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2nd Lt. Henry "Hank" Shippen Huidekoper, USMCR, standing on the wing of his Vought F4U-1 Corsair (VMF-213 “The Hellhawks”) after getting shot up by a Mitsubishi Zero pilot over Kahili Airfield, also known as Buin Airfield, located near Buin, Bougainville Island, Papua New Guinea, on 27 Sept, 1943. Photo taken at Munda airstrip, Solomon Islands. Colorised by Craig Kelsay from the USA

Vought Corsair “Birdcage” Tamiya Aircraft SeriesCatalogue # directly from HobbyLink Japan The rumours have been flying.

Maldegen (Belgio). Il maresciallo Giuseppe Ruzzin seduto sul bordo della cabina di pilotaggio del Messerschmitt Me.109F “11 nero”.

Messerschmitt Bf of the satin sheen of the and the Balkankreuz, the red fuselage station numbers

Bf 109G pilot after a combat mission - probably taken in Italy, late 1943.

Messerschmitt Bf pilot after a combat mission - probably taken in Italy, late

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British Lancaster Bomber (Avro 683 Lancaster) No. (VN-N) of 50 Squadron Royal Air Force flying over Swinderby, England.

Junkers Ju 87 Stuka

Not strictly a fighter plane, this Junkers Ju 87 Stuka was usually seen as a dive bomber. It was used in the Spanish Civil War as well as in WW II.

World War II German Aircraft | no one can accuse the world war ii german aircraft designers of ...

Dornier Do 335 Pfeil ("Arrow"), a WW II heavy fighter built by the German Dornier company. It was a twin engine aircraft, but with a push-pull layout which allowed it to gain excellent performances

The Fiat CR.42 Falco ("Falcon")  was a single-seat sesquiplane fighter which served primarily in Italy's Regia Aeronautica before and during World War II. The aircraft was produced by the Turin firm, and entered service, in smaller numbers, with the air forces of Belgium, Sweden and Hungary. With more than 1,800 built, it was the most widely produced Italian aircraft to take part in World War II. Ravenna, Italy 1942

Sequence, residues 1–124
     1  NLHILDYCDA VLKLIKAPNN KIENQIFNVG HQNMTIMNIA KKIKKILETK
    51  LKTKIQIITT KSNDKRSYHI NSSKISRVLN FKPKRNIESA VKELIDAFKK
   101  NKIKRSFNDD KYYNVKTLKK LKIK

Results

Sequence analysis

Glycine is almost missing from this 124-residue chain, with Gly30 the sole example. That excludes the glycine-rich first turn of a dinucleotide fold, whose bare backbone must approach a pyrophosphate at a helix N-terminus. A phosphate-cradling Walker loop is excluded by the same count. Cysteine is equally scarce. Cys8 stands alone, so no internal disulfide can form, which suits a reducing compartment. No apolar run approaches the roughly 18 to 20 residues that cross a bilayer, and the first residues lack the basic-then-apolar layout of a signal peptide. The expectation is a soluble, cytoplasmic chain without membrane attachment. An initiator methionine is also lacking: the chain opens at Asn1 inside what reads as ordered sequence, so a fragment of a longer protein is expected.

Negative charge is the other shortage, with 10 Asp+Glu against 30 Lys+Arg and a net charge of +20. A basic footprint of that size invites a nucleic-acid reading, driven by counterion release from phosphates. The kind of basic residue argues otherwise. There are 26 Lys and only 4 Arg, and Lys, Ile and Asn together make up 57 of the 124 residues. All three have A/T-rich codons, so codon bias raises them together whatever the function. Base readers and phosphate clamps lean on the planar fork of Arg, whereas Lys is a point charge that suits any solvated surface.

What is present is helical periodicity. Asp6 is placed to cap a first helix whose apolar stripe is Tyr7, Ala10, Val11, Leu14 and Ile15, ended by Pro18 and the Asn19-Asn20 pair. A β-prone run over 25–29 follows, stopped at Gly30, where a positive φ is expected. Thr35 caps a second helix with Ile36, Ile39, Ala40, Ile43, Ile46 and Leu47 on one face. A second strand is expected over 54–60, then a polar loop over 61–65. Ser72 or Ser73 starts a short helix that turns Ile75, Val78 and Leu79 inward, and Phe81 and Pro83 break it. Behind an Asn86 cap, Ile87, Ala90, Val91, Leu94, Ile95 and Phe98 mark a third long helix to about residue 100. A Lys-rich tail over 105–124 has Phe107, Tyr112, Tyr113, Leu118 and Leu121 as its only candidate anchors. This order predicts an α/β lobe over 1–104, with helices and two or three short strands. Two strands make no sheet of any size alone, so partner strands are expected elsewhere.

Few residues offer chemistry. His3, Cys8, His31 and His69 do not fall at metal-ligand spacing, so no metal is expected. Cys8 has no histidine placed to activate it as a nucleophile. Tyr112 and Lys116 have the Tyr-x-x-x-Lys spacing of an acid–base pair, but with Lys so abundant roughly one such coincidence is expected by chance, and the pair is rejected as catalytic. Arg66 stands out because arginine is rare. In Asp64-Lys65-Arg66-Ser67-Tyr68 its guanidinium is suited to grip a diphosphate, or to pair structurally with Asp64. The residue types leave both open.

The Fiat Falco ("Falcon") was a single-seat sesquiplane fighter which…

The crew of a No. 83 Squadron Hampden exit the aircraft 'after a successful night's work over Germany', Scampton, 2 October 1940.

The crew of a No. 83 Squadron Hampden exit the aircraft 'after a successful night's work over Germany', Scampton, 2 October

Let's start today with this photo that exemplifies why Grumman was known as the "Iron Works." It's combat aircraft were extremely rugged and brought many a pilot back home with considerable damage.

Butch O'Hare's Hellcat returned to the Grumman manufacturing plant known as the "Iron Works." It's combat aircraft were extremely rugged and brought many a pilot back home with considerable damage. This example had more than 200 bullet holes!

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